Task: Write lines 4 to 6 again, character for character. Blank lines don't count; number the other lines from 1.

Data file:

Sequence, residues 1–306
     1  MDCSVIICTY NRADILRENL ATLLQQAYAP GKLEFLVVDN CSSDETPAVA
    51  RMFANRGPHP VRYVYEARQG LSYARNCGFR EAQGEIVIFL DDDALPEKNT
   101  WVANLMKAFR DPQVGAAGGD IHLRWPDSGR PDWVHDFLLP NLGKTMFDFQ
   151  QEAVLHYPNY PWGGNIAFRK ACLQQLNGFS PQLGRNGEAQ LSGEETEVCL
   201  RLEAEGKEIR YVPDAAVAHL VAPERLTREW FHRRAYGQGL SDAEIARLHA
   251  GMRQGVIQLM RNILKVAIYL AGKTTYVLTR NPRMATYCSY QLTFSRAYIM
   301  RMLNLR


   101  WVANLMKAFR DPQVGAAGGD IHLRWPDSGR PDWVHDFLLP NLGKTMFDFQ
   151  QEAVLHYPNY PWGGNIAFRK ACLQQLNGFS PQLGRNGEAQ LSGEETEVCL
   201  RLEAEGKEIR YVPDAAVAHL VAPERLTREW FHRRAYGQGL SDAEIARLHA